First Aid for Cyclists: Cuts and grazing
• If a small cut is dirty, clean it by either rinsing with cold water or using alcohol free wipes and use a gauze swab to pat the wound dry. Then cover it with sterile gauze
• With soapy water, clean the area around the injury.
• Try and wipe away from the wound and use a clean swab with each swipe
• Remove the wound covering and apply a sterile dressing or plaster
• Seek medical advice if you are worried or if you think that there might be a risk of infection
• If the wound is large or bleeding heavily, apply direct pressure to the wound to stem the bleeding and raise the injured area above heart level
• Apply a sterile dressing to maintain pressure on the wound and lie the injured person down with their legs raised to offset shock
• Call for an ambulance
First Aid for Cyclists: Dislocation
• If the injured person has a dislocated shoulder, try to keep them still, while supporting their arm in a comfortable position.
• You can immobilise the injured arm with a sling if they will let you. For extra support, secure the arm to the chest by tying a broad fold bandage right around the chest and the sling.
• Arrange for the injured person to be taken to hospital and treat for shock if necessary, laying them down and raising their legs.
First Aid for Cyclists: Bruising
• Raise and support the affected area into a comfortable position
• Using a cold compress, such as an icepack wrapped in a cloth, apply firm pressure to the bruise for up to ten minutes.
First Aid for Cyclists: Strains/sprains
• Help the injured person to sit or lie down comfortably, with some padding underneath their injury to support it.
• Cool the area with a cold compress/ice pack to help reduce the swelling and pain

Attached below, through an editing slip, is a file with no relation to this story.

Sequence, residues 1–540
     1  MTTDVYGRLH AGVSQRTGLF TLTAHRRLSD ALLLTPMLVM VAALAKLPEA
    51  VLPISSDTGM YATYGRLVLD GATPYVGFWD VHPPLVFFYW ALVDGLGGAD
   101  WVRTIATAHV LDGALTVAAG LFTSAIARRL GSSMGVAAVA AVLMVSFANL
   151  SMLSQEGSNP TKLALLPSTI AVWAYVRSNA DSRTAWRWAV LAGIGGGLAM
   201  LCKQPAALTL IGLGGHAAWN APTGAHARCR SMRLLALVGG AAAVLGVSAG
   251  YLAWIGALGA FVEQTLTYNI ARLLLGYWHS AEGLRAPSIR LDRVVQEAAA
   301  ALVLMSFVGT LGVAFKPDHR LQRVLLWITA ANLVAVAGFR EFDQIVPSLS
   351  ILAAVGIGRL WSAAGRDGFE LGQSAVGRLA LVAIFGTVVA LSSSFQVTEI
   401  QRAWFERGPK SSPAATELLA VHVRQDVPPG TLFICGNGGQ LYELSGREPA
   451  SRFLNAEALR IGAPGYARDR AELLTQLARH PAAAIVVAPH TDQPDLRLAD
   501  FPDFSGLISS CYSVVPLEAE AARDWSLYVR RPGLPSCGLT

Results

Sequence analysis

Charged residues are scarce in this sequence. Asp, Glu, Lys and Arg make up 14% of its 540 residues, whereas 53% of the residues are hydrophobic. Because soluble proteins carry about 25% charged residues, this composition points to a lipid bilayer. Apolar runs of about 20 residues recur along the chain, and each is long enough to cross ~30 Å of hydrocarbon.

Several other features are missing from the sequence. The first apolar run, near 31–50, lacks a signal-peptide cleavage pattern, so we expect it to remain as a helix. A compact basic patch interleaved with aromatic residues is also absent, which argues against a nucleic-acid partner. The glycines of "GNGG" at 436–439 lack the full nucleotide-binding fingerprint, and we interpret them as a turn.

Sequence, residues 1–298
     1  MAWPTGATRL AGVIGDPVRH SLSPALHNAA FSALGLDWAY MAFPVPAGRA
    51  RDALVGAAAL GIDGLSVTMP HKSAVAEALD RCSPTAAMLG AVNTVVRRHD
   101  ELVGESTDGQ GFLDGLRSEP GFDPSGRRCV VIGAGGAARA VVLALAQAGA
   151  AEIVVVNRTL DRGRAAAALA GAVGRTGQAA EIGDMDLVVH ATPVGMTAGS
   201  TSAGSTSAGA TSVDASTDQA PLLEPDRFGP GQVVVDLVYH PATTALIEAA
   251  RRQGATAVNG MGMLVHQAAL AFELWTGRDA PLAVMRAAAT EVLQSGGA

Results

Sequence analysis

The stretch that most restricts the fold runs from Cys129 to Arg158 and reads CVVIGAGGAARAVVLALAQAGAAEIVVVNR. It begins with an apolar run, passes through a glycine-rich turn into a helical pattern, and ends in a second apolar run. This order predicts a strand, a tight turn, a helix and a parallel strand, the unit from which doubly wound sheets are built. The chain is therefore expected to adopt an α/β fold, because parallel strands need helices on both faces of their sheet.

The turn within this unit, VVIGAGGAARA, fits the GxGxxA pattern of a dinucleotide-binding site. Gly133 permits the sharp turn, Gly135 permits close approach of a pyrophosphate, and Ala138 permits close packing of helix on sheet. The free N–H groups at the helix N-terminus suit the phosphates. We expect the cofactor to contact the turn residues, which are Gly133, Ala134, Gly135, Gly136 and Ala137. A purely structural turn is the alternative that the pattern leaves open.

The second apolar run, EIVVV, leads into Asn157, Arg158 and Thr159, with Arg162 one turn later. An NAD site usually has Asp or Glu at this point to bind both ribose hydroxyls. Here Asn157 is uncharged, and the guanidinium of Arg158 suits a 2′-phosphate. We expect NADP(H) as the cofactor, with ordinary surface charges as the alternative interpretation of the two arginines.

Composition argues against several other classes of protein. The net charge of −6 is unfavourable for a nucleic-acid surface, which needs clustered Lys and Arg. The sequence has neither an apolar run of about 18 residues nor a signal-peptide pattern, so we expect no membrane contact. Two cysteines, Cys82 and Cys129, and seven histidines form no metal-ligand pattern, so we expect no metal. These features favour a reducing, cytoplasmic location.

• Apply comfortable support to the injury, by placing a layer of padding over the cold compress and securing it in place with a bandage
• Support the injured part in a raised position if possible
• If the pain is severe or they are unable to move he injured part, arrange to get them to hospital
First Aid for Cyclists: Fractures
• Advise the injured person to keep still, while supporting the joints above and below the injury with your hands until it is immobilised.
• For arm injuries, you can secure the injured arm with a sling. For leg injuries, secure the uninjured leg to the injured one with bandages. You can also place padding around the injury for extra support.
• Arrange for the injured person to be taken to hospital – an arm injury can be transported by car, but when dealing with leg injuries call 999/112 for emergency help.
First Aid for Cyclists: Head Injury
• Head injuries can be potentially serious and should be treated with care.
• If someone has experienced a head injury, and they are fully conscious, help them to sit down in a comfortable position.
• Give them a cold compress to hold against the injured part of their head and monitor their condition.
• If the injured person becomes drowsy, confused or complains of a worsening headache, vomiting or double vision, call 999 for emergency help
• Anyone who has lost consciousness, even for a short period of time should be seen by a doctor.
First Aid for Cyclists: Dehydration
• If someone you know becomes dehydrated, help them to sit down comfortably.
• Give them plenty of water to drink. You can also give them oral rehydration solutions if you have them.
• Advise the person to rest and, if they are suffering from cramp, stretch and massage the affected muscles
• If they remain unwell, seek medical advice.